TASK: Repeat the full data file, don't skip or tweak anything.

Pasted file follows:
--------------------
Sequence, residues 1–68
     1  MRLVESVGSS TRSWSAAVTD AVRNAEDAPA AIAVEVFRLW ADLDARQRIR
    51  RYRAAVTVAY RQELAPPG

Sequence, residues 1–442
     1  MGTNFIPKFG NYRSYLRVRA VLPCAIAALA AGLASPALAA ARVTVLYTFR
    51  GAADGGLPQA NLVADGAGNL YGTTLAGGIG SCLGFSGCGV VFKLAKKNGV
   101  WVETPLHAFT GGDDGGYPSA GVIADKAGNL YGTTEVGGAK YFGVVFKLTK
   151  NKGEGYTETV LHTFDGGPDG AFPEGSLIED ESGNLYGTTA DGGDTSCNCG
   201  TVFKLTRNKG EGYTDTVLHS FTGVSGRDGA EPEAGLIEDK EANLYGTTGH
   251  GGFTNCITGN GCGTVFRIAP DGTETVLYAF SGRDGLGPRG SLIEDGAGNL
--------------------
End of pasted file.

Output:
Sequence, residues 1–68
     1  MRLVESVGSS TRSWSAAVTD AVRNAEDAPA AIAVEVFRLW ADLDARQRIR
    51  RYRAAVTVAY RQELAPPG

Sequence, residues 1–442
     1  MGTNFIPKFG NYRSYLRVRA VLPCAIAALA AGLASPALAA ARVTVLYTFR
    51  GAADGGLPQA NLVADGAGNL YGTTLAGGIG SCLGFSGCGV VFKLAKKNGV
   101  WVETPLHAFT GGDDGGYPSA GVIADKAGNL YGTTEVGGAK YFGVVFKLTK
   151  NKGEGYTETV LHTFDGGPDG AFPEGSLIED ESGNLYGTTA DGGDTSCNCG
   201  TVFKLTRNKG EGYTDTVLHS FTGVSGRDGA EPEAGLIEDK EANLYGTTGH
   251  GGFTNCITGN GCGTVFRIAP DGTETVLYAF SGRDGLGPRG SLIEDGAGNL